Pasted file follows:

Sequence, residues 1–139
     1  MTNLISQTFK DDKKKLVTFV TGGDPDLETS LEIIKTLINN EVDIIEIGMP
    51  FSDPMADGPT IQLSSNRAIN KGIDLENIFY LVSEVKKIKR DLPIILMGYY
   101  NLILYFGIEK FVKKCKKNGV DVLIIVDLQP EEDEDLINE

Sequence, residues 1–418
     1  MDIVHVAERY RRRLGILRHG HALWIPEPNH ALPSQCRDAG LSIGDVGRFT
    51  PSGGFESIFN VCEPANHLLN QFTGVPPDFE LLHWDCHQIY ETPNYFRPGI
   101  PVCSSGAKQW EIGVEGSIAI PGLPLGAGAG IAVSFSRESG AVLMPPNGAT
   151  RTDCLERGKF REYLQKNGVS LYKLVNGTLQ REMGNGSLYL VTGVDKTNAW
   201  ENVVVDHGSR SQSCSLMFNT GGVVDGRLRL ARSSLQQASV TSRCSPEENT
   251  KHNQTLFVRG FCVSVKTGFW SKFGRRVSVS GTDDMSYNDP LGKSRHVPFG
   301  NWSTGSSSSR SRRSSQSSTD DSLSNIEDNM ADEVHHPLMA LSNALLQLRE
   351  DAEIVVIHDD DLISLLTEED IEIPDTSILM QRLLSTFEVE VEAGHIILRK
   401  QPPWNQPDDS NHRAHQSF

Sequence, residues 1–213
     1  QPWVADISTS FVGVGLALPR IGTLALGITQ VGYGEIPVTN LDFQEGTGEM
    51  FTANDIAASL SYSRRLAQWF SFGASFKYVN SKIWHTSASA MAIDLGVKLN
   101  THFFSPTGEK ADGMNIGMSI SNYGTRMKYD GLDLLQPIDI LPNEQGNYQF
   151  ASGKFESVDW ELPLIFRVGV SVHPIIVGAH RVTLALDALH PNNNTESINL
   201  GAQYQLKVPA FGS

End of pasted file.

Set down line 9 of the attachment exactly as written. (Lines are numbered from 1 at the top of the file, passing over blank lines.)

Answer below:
   151  RTDCLERGKF REYLQKNGVS LYKLVNGTLQ REMGNGSLYL VTGVDKTNAW